Vietnamese filmmakers Sally Tran and Phuong Vo have created a short film about the history of anti-Asian racism and violence in the U.S.
What it’s about: The short film, entitled “Centuries and Still,” unveils the “search for justice [that] goes back to the Gold Rush era fetishization of Asian women, to today’s hate crimes targeting Asian elders.”
- The film, which premiered on July 14, was directed by Tran, while Vo served as producer. Tran is a writer and director based in New York City by way of New Zealand and Vietnam. Vo is a Vietnamese American independent film producer and photographer who arrived in the U.S. in 2013.
- “Asian American hate is as old as American history,” the film narrates. It portrays some of the historical events that took part in the birth and perpetuation of anti-Asian discrimination and hate crimes that are still happening to this day.
- The film includes paper-cut illustrations of 84-year-old Thai man Vicha Ratanapakdee, who was fatally attacked in San Francisco; 61-year-old Filipino Noel Quintana, who was slashed in the face in New York City’s subway; and the Atlanta massage parlor shooting which took the lives of six Asian women.
- According to Stash Media, “Centuries and Still” was inspired by Tran’s film in the same style, “60 Years and Still,” which portrays the history of racism against Black people in America.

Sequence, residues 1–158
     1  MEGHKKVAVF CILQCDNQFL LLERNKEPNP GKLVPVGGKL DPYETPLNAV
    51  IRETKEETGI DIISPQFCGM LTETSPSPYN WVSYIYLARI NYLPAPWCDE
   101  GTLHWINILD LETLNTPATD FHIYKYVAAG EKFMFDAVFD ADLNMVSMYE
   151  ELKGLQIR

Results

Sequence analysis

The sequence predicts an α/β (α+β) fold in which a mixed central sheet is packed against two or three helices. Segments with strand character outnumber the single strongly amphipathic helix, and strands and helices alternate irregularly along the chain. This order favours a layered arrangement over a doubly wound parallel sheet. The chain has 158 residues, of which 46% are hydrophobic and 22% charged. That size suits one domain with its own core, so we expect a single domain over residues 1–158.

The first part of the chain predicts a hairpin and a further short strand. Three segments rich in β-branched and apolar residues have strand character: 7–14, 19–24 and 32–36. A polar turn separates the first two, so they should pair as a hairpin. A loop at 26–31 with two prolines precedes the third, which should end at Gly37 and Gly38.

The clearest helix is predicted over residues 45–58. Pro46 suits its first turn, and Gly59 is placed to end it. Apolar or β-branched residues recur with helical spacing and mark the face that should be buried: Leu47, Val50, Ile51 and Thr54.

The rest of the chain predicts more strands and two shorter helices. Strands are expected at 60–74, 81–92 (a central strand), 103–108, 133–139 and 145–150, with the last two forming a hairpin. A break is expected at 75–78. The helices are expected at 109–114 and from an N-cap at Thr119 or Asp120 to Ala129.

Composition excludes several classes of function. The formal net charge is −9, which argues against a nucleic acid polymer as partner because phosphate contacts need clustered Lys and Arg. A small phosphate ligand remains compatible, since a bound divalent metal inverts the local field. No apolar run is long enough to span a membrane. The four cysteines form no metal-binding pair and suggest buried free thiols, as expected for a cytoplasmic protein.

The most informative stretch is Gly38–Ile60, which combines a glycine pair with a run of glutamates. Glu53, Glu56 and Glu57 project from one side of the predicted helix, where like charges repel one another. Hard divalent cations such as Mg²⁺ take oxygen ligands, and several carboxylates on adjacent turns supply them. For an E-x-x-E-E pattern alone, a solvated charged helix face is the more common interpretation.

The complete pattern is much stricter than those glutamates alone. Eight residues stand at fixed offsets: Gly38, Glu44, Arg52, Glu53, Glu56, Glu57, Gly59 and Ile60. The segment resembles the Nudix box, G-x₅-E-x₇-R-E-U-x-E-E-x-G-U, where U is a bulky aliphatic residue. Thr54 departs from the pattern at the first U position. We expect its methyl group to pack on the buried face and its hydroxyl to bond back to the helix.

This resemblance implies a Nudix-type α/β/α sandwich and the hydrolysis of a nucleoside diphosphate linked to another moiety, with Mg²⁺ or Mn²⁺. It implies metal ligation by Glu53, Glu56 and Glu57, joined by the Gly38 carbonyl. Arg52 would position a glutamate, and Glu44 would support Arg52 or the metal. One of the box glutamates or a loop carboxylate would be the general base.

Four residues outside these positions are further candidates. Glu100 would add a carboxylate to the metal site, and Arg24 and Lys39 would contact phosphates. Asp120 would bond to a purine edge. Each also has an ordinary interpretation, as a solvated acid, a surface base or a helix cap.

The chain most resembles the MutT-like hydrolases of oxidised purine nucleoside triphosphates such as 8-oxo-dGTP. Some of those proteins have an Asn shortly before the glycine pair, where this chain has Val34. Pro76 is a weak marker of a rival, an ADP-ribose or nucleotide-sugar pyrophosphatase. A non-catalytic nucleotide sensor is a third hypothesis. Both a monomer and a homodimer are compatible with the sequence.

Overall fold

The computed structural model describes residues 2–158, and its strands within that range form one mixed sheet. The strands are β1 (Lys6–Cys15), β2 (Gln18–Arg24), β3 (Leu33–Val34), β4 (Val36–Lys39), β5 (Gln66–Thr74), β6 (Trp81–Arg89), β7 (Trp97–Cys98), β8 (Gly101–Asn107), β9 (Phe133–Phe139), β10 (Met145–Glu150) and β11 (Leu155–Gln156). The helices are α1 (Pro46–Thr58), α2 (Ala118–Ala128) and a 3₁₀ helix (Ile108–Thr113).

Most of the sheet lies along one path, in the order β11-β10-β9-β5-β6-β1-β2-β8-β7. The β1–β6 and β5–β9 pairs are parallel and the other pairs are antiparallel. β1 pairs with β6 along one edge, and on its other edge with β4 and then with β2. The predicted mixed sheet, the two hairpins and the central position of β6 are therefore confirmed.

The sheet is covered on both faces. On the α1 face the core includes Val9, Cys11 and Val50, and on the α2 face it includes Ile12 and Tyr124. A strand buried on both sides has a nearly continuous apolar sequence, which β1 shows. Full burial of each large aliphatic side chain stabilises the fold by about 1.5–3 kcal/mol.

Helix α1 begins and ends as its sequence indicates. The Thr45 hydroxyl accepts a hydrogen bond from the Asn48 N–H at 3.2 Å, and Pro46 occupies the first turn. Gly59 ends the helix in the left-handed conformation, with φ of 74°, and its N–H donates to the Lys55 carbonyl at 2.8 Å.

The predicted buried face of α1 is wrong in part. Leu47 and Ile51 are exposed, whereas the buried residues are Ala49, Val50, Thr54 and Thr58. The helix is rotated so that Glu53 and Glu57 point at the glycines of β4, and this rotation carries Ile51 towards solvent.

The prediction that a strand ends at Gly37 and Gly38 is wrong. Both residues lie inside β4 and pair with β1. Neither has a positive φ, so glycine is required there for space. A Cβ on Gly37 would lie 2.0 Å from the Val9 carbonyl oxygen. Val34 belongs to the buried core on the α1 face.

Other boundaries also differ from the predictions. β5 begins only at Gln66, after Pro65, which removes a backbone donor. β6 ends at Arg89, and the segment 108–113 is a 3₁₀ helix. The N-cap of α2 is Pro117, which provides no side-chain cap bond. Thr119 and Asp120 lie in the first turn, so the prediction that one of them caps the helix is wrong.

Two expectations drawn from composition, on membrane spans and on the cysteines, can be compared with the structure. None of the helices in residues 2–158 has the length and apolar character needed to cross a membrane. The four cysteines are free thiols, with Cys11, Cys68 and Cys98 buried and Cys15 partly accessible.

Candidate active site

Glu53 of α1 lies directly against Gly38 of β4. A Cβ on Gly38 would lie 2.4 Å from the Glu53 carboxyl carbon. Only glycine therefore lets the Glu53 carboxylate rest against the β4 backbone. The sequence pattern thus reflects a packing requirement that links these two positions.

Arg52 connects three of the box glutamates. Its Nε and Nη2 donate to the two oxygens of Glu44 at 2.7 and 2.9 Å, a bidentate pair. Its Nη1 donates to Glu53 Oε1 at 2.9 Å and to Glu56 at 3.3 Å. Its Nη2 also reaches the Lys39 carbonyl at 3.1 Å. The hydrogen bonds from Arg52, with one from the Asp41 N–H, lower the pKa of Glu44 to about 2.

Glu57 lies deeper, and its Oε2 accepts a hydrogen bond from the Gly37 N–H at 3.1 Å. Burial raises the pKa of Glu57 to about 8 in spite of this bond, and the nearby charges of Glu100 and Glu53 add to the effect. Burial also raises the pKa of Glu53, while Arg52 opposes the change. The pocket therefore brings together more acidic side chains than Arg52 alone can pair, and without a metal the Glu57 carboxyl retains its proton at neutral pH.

- “Through this film, we hope to raise awareness on what has been happening to the Asian Pacific Islander community in America and inspire the audience to take action in the fight for racial justice. We believe that all efforts must be supported, and each of us plays a role in advancing justice and equality for all,” the filmmakers stated on the film’s website.
- According to VnExpress International, Tran and Vo embarked on the nonprofit film project in April due to their frustrations with the surge of anti-Asian discrimination and hate crimes across the U.S.
- The film is a collaborative effort made up of the artistic styles of different Asian artists, each drawing one or two illustrative scenes.
- According to Northwest Asian Weekly, Tran said, “We wanted to relate the title to ‘hidden stories’ or ‘shadows’ because it represents the important parts of AAPI history that were concealed or erased from the public eye…the shadows are used to create the mood and time flow of the film to honor the victims of anti-Asian violence and those who came before us that set the foundation for Asian people in America. Parts of AAPI history were kept in the dark on purpose, so our job here, through this film, is to bring it to light.”
Featured Image via Still Films